There are many adaptations of The Wizard of Oz with their own unique takes on the world and characters; however, for this, I’ll be focusing only on the original novel by L. Frank Baum and the 1939 movie from MGM. Many of the characters, especially Dorothy and the witches, would be three- or four-way hatstalls if I brought in every version of the story I know. However, I will be doing Wicked for next week’s Sorting Hat Saturday, so check back a week from now for more Oz-related sortings!
Dorothy: Hufflepuff/Gryffindor. Dorothy is by far the most complex character in the story, and while that makes her the most interesting, she is also the hardest to sort. I think book Dorothy might be a Hufflepuff; she is a sweet, practical little girl who loves her family and just wants to go home to them. In the movie, I’d say she’s more of a Gryffindor. She spends the early part of the movie dreaming of adventure and shows a lot more internal struggle between her love for her family and her desire to see the world beyond the dull sepia monotony of Kansas. She is certainly not lacking in bravery in either version, but movie Dorothy seems to crave adventure as much as her book counterpart longs for the safety of home.
Scarecrow: Ravenclaw. The Scarecrow travels to the Emerald City with Dorothy in hopes that the Wizard will give him a brain, but the truth is, he doesn’t need anyone’s help to be intelligent. Along the way, the Scarecrow is always the one who comes up with the clever plans, from chopping down a tree and using it as a bridge, to sneaking into the Wicked Witch’s castle. In the novel, he argues with the Tin Woodman over whether it’s better to have a brain or a heart, neither of them possessing either one; the ones they choose are strong indicators of what they value most.
Tin Man: Hufflepuff. Like the Scarecrow, the Tin Man (or the Tin Woodman, as he is called in the novel) is seeking something he already possesses. Although he is made of tin and does not have a literal heart, he has enough of a figurative one to cry when he so much as steps on a bug. He doesn’t seek courage, intelligence, or power; he wants nothing more than to be able to care for others, and defines himself by his kindness and compassion.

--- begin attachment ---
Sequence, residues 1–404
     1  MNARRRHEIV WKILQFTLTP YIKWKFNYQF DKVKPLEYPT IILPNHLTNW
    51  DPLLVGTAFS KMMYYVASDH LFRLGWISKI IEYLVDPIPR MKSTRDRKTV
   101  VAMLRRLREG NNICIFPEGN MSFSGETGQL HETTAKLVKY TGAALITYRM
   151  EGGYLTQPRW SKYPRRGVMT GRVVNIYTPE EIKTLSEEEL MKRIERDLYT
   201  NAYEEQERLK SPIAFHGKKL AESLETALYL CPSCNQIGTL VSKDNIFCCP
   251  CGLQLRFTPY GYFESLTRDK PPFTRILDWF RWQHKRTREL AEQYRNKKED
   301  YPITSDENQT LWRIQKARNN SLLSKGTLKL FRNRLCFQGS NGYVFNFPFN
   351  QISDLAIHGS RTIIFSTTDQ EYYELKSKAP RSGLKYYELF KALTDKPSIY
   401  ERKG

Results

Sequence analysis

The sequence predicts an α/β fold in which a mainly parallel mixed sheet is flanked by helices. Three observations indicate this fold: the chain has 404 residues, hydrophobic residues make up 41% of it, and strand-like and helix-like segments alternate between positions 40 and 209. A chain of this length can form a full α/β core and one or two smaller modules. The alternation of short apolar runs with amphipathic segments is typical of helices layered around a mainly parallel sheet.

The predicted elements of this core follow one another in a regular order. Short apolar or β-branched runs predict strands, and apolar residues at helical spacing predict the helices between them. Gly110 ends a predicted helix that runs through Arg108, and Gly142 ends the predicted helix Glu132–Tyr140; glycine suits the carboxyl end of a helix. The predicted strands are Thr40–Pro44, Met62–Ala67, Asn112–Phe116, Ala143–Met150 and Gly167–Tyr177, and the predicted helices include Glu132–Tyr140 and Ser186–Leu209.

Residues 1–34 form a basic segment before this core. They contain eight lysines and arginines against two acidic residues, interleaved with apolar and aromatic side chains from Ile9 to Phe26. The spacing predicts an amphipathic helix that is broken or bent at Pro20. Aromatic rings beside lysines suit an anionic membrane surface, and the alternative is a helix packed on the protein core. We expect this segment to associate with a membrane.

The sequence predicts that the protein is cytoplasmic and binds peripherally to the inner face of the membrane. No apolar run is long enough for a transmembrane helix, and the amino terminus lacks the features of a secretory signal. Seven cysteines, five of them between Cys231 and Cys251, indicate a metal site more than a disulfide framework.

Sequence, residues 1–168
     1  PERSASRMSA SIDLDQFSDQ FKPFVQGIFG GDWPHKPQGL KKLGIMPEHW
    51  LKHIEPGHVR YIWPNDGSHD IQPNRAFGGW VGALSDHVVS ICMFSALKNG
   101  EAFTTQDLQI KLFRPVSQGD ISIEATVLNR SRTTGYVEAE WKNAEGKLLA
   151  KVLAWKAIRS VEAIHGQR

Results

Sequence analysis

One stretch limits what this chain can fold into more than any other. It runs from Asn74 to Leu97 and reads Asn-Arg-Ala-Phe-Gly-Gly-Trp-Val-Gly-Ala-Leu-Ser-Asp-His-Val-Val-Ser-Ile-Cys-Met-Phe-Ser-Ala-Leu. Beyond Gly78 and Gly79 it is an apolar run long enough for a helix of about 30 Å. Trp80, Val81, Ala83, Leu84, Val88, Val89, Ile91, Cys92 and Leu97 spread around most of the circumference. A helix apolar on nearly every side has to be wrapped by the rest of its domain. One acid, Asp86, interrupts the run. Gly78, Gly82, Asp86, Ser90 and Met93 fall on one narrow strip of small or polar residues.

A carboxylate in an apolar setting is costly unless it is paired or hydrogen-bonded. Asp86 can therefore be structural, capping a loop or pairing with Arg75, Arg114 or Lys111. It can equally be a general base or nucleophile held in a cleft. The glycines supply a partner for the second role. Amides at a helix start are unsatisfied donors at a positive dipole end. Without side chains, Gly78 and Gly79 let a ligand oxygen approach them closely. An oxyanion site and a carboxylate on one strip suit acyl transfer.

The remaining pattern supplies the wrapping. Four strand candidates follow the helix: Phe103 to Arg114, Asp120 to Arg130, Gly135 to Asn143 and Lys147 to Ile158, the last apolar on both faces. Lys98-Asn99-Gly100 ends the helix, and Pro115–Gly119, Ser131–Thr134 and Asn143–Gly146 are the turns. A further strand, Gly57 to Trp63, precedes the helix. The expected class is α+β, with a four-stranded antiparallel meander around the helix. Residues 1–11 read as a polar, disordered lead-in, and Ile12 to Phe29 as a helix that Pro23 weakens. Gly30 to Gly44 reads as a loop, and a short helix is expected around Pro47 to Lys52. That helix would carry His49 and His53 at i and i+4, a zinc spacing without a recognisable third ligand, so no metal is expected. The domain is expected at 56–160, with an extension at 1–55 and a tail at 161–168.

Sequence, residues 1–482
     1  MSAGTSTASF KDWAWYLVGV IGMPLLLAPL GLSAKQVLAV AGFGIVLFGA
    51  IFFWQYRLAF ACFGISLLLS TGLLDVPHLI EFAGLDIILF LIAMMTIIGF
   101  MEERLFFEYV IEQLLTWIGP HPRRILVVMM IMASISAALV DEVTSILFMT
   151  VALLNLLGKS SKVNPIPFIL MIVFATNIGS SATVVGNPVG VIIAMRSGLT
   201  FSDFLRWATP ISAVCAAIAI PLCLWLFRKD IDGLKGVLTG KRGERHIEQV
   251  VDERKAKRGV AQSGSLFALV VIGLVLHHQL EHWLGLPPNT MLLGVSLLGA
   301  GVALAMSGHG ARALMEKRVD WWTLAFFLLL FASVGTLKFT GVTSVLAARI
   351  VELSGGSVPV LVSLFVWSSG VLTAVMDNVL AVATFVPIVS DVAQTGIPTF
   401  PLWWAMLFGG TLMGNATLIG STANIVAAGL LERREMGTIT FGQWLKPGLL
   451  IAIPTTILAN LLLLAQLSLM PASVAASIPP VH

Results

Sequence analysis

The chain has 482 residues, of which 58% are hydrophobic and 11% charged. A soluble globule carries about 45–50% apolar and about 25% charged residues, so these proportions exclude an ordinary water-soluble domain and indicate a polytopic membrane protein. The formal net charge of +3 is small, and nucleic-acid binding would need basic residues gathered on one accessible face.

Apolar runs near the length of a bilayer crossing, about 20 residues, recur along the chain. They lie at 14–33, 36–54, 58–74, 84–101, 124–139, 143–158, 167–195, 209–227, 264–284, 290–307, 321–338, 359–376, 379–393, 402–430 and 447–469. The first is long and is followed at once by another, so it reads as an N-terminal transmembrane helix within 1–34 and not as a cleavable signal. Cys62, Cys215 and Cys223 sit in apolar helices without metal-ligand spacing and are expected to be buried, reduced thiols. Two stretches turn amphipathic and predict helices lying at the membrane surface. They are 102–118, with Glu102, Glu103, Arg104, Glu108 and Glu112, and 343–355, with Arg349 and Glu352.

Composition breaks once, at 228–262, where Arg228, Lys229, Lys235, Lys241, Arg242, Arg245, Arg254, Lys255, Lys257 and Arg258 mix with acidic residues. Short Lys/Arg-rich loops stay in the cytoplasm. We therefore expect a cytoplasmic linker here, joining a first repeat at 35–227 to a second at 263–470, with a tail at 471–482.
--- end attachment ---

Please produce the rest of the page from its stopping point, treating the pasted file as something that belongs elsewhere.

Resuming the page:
Lion: Gryffindor. Are you starting to see a pattern? The thing these characters are looking for is in fact already their greatest strength and their defining characteristic, and while the lion might seem like the exception to this, he’s not. He may not be a typical Gryffindor, but he does find courage when the situation calls for it.
The Wizard: Slytherin. The so-called “wizard” is a normal guy who fell from the sky in a new world and quickly rose to be in control of it by taking advantage of the people of Oz’s need for a hero and tricking them with stage magic. And while his characterization varies just as greatly as the others’ across different adaptations, I can’t think of a single version I wouldn’t sort there: whether he’s the tyrant of Wicked, the lovable scoundrel of Oz the Great and Powerful, or somewhere in between, as he is in the original story, there’s something very Slytherin about a man from Kansas convincing the world he’s a wizard and using it to make himself king.
The Witches: The witches in The Wizard of Oz are very flat characters; other adaptations, have given them more depth, but there’s very little in the original novel or the MGM movie to know what Hogwarts houses they would be in. If I had to guess, I’d put the Wicked Witch of the West in Slytherin (for her desire for to have the ruby/silver slippers and her ruthlessness about getting them), and the Good Witch of the North in Gryffindor (for her desire to help the munchkins, and the fact that she stands up against the wicked witches). The Good Witch of the South might be a Ravenclaw (for her wisdom and extensive knowledge of magic), and it’s really too hard to say what house the Wicked Witch of the East would have been in, given that she’s killed by a falling house the moment we meet her.